Following my Agile 2018 conference workshop, I had a couple of people ask how I created the smooth PowerPoint animations. I have always liked using animations to explain ideas since they help me understand processes.
My logic has been, if they help me understand it, then they should help others understand it too. Visual learning, and especially animations, are valuable on knowledge work projects.
Animations help us overcome the three challenges of knowledge work:
- Invisible – designs and ideas are often abstract and hard to visualize.
- Intangible – bits not atoms. Since we cannot see or feel ideas there is a real danger other people might interpret them differently, leading to difficulties with collaboration and problem-solving.
- Transient – Our work is often novel and unique, the challenges teams face are often unique too. The solution to our last problem is unlikely to help us today.
Tom Wujec, the author of The Future of Making, has an interesting short Ted talk on how animation helps create meaning. He explains seeing an image triggers 30 portions of the brain to start working together to process information, solve problems and make decisions.
Visualizations address the knowledge worker challenges:
- Clarity through visualization – engage all those brain circuits, helping us comprehend faster and clarify ideas.
- Making concepts interactive – when we all see the same interaction of components, we build a common understanding as a group.
- Make permanent – Animations can be stored, shared, and replayed - capturing mental models of A-ha moments.
So, if a picture is worth a thousand words, is an animation worth a thousand pictures (a million words)? – No, but it is hard to beat visual storytelling.
Here are some of the animations I used. I was explaining that dependencies and handoffs between teams are costly. We first looked at the simple agile environment everyone learns about where teams pull work from their own backlog with no cross-team dependencies.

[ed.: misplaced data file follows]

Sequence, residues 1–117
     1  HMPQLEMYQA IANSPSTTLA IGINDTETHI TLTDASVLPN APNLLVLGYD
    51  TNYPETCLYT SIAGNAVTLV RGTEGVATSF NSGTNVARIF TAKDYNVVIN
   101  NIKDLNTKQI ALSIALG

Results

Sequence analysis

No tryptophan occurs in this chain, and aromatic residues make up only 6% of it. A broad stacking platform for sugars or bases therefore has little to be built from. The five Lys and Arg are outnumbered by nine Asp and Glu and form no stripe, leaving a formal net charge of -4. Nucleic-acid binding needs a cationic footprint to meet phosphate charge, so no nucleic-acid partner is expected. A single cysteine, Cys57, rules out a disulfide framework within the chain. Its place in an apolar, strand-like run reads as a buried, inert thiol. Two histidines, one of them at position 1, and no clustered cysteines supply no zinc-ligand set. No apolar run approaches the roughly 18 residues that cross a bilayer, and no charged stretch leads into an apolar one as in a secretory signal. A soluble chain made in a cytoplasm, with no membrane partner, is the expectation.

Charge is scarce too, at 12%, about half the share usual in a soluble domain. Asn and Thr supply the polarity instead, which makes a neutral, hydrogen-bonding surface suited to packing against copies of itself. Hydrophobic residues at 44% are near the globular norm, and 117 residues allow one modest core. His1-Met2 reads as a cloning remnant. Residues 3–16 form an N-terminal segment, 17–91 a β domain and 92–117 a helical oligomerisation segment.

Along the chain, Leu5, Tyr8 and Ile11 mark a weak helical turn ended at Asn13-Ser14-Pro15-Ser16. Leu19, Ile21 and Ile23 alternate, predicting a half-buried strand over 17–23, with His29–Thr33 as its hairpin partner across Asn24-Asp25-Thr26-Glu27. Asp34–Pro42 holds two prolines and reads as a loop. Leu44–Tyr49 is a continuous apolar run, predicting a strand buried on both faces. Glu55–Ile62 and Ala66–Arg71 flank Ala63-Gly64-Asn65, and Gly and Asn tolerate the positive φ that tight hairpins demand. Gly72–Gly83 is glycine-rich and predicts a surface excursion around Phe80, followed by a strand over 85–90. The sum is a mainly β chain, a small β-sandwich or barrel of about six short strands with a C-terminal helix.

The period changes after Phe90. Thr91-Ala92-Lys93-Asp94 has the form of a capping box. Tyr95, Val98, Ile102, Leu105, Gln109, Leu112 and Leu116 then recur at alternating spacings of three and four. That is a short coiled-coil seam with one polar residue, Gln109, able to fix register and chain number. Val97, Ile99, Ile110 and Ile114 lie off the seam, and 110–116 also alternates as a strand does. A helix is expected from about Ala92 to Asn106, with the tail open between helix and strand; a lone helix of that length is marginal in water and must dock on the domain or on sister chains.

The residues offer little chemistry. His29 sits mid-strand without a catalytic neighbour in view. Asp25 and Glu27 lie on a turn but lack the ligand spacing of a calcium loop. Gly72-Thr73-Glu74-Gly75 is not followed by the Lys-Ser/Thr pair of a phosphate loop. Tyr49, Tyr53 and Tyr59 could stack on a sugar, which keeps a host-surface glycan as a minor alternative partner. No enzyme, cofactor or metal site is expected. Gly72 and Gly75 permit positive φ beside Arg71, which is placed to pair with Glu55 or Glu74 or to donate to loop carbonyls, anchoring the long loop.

We then looked at 3 teams with dependencies. If some work must be done by other teams, e.g. waiting for an environment team or microservices team, then handoffs occur. Tasks are passed to those teams for completion. However, those teams are busy doing their own work, so these requests usually get placed low in their backlog. Then the original team explains the urgency and negotiates reprioritization.
This all takes time and effort. While Team 1 is waiting for Team 2 to do their work they don’t want to forget about it, so they usually clone the user story and keep it visible until completed. It creates the familiar dance of follow-up and horse-trading we often see on projects.
Teams with a couple of dependencies like this are usually OK. My workshop was about how to cope when we have many more dependencies. Organizations that outsource portions of work, have specialized service groups, or handoffs to support teams create nightmarish tangles of inefficiencies. They are so entangled in handoffs and dependencies that tracking throughput or value-delivery metrics are pointless - other than to show how poor they are.
The workshop examined how to bring visibility to the problem and introduce solutions. We simulated Handoff-Hell with a table exercise that required inputs from other participants. We then explored resolution patterns that kept small-team benefits but limited the problems of multiple, inter-dependent project teams. We wrapped up explaining how to transition to a Product vs Project structure when you have many in-flight teams.
However, this post is about creating Agile Animations. If you are stuck in Handoff-Hell contact me about how to fix it. If you want to learn about creating animations to illustrate agile principles read-on, or rather, watch-on. I realized it would be contradictory to write about visual learning and how to create animations. If we truly learn best visually, and movement shows action better than words, I really need a video.
So, after 12 years of just writing on this site, here’s my first video. How to Create Agile Animations in PowerPoint.
(This was not easy for me to make. I am an introvert who does not like to hear myself recorded, so it is outside my comfort zone. However, I believe video is the future for education and I had to start somewhere.)
Hopefully, after explaining simple topics I can go onto tackle more advanced ones.